XX, 1–8 has received ample publicity in connection with the publication of 1 Q Genesis Apocryphon. The speech of Pharao’s 3 Grandees praising Sara’s beauty is indeed in line with the midrashic interpretation of Sara’s second name, Yiskah (Genesis 11, 29) “יסכה” שהכל סכים ביופיה “because all speak of her beauty” (Babli Sanhedrin 69b). The fame of Sara’s beauty is also reflected in Tanhuma on Genesis 12, 11 Hebrew ‘The sages taught: all women compared with Sara are as monkeys compared with men.’ Genesis Rabbah comments on Genesis 23, 1 ‘She was as beautiful at the age of twenty, as at the age of seven’. Furthermore, Deuteronomium Rabbah I, 22 explains: ‘“and the fugitive came” (Genesis 14, 13)—he only came for Sara’s beauty sake’. “ויבא הפליט” . . . ולא בא אלא לשם נויה של שרה, אמר בלבו . . . ונוטל אני את שרה אשתו.

XX, 16 בליליא דן שלח לה אל עליון רוח מכדש למכתשה ולכול אנש ביתה רוח באישא והואת כתשא

The stress is here on the Almighty’s own intervention during the night. It was He Himself who sent the pestilential wind upon Pharao. The same emphasis is made in Agadath Bereshith (18): הקב”ה עושה עצמו שליח לרשעים . . . וכן אתה מוצא בפרעה הראשון כשנטל שרה לא שלח הקב”ה עליו לא מלאך ולא שרף אלא הוא כביכול הלך.

‘In the case of the first Pharao, after the latter had raptured Sara, the Holy blessed be He did not send an Angel, nor a Saraf but He Himself went forth’.

XXI, 23, 24     אריוך מלך כפתוך תדעל מלך גוים די הוא בין נהרין

“Arioch king of Cappedocia, Tidal king of nations who is (sic) between the Rivers.” A significant comparison can be found in Genesis Rabbah 42, 4 ואריוך מלך אלאסר זה אנטיוכס. The reference is undoubtedly to the city of Antioch, as an explanation of Elassar, rather than to Antiochus as an explanation of Arioch. As Antioch or Antiochia Epidaphnes was in the vicinity of Mount Taurus which formed the Southern border of Cappedocia, the Midrash may be referring to the same locality as 1 Q Gen. Ap.

XXII, 1, 2 ואתה חד מן רעה ענה די יהב אברם ללוט די פלט מן שביא

The question as to the identity of the refugee referred to in Genesis 14, 13 has evidently occupied the author of 1 Q Gen. Ap. just as it has provoked different midrashic solutions. 1 Q Gen. Ap. identifies him with one of the shepherds given to Lot as a gift by Abraham. According to Babli Niddah 61b, Genesis Rabbah and Tanhuma he was king Og. Another identification is Archangel Michael (Pirqe de Rabbi Eliezer 27).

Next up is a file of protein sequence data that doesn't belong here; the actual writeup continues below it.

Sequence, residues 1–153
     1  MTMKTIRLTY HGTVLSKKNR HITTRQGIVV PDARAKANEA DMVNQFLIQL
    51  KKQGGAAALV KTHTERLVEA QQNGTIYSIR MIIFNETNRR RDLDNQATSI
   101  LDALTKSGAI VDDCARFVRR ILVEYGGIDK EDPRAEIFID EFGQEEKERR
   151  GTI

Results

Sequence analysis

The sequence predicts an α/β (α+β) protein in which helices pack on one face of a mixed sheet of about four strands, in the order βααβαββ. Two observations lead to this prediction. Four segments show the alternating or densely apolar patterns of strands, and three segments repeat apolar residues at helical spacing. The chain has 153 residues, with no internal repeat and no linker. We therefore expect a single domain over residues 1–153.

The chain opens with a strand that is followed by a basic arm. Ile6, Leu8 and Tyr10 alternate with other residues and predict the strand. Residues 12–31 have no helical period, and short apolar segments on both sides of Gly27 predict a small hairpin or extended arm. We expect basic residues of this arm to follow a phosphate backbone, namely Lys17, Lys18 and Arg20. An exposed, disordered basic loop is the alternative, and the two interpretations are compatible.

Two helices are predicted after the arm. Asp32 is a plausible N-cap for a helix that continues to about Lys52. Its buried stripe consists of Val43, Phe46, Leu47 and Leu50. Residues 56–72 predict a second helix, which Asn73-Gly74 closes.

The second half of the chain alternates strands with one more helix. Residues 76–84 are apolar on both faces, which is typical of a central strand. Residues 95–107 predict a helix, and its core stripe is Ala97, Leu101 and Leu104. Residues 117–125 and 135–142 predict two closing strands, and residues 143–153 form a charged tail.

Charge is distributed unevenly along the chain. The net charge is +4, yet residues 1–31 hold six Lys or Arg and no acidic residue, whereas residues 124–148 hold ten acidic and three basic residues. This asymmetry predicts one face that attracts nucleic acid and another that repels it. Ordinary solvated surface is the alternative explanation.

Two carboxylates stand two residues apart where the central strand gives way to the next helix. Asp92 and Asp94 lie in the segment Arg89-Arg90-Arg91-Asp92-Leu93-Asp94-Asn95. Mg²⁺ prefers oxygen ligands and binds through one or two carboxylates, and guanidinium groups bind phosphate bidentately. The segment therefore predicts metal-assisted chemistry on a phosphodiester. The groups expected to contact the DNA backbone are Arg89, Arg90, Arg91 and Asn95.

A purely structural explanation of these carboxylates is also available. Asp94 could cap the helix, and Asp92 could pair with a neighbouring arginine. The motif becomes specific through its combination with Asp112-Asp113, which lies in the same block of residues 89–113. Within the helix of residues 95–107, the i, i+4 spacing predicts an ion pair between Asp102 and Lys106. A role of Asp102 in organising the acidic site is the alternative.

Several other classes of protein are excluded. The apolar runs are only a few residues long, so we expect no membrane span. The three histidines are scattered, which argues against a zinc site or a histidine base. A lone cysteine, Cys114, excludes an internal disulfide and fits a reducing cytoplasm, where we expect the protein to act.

XXII, 8 ורמה עליהון בליליא מן ארבע רוחיהון והווא קטל בהון בליליא

This passage offers another example of differing text exegesis without need to presuppose different types of “Vorlage”.

Genesis 14, 15 ויחלק עליהם ׀ לילה הוא ועבדיו ויכם

Targum Jonathan ואתפליג להום ליליא

Zohar וליליא קטיל לון

A literal interpretation of Massoretic text would yield ‘The night divided itself because of them’. Targ. Jon., Genesis Rabbah 43 and other midrashim follow this line and explain that while half of this night benefited the kings, the other half was “saved” to smite, at a later date, the first-born in Egypt before the Exodus. However, 1 Q Gen. Ap. as well as Targum Onkelos see a need to add ב before לילא (19), making Abraham the noun to which the verb ויחלק refers, לילה being merely a time adverb, yielding ‘he fell upon them by night’. 1 Q Gen. Ap. explains this as a strategic maneuver, being directed “from all their four quarters”. Significantly, Rashi quotes both versions as alternative explanations. The change from לילה to בלילה in Targ. Onk. and 1 Q Gen. Ap., similar to the treatment of Genesis 14, 4 discussed above, is thus merely an attempt to interpret a difficult text, but not a literal rendition of a different Hebrew text.

XXII, 10 The difficulty of identifying חובה (rendered חלבון in 1 Q Gen. Ap.) recalls the midrashic pronouncement in Tanhuma: חזרנו על כל המקומות ולא מצינו שום מקום ששמו חובה, ללמדך שדן נקרא חובה מראש.

“We have surveyed all the localities and have not found a place called Hobah; this teaches you that Dan was originally called Hobhah.”

XXII, 10–12 Genesis 14, 16 limits the description of the booty taken by Abraham to the words וישב את כל הרכש וגם את לוט אחיו ורכשו השיב. 1 Q Gen. Ap., however, is more detailed in its specification of the booty: .לקט אברהם את כל רכוש המלכים ואת כל רכוש סדום ובנותיה ואת כל רכוש לוט Midrash ha-Gadol (20) gives likewise a threefold listing of the booty:לקט אברהם את כל רכוש המלכים ואת כל רכוש סדום ובנותיה ואת כל רכוש לוט. Introductory ואצל in 1 Q Gen. Ap. XXII, 10 just as אצלתה in XXII, 19 is translated by Yadin as “rescued”. It may be suggested that “taken away” comes closer to the intended meaning (Cf. Brooklyn Museum Aramaic Papyri by E. G. Kraeling (1953), II, 13). לא אכל אנצל לפלטי “I will not be able to take away Palti” (21). This connotation may also be underlying Exodus 12, 36 וינצלו את מצרים

“They took away (the treasures of) Egypt”; furthermore Genesis 31, 9ויצל אלקים את מקנה אביכם ויתן לי “The Lord took away the cattle of your father and gave it to me”. “Rescue” is probably merely a secondary derivation from “take away”, which makes more sense in the quoted passages.

XXII, 17 ויהב לה מעשר מן כול כסיא די מלך עילם וחברוהי Genesis 14, 20, underlying this passage, ויתן לו מעשר מכל has given rise to two interpretations: 1) Abraham gave Malkisedeq a tithe, or 2) Malkisedeq gave Abraham a tithe (22). By specifying that the tithe was given from the actual war loot, 1 Q Gen. Ap. makes it evident that only Abraham could make this presentation as he had all the loot in his custody. The same interpretation also contained Jubilees XIII, 25–27. Likewise the Midrash Pirqe de-Rabbi Eliezer, ch. 27: אברהם התחיל ראשון לעשר בעולם, לקח את כל מעשר סדום ועמורה וכל מעשר לוט בן אחיו ונתן לשם בן נח, שנאמר “ויתן לו מעשר מכל.”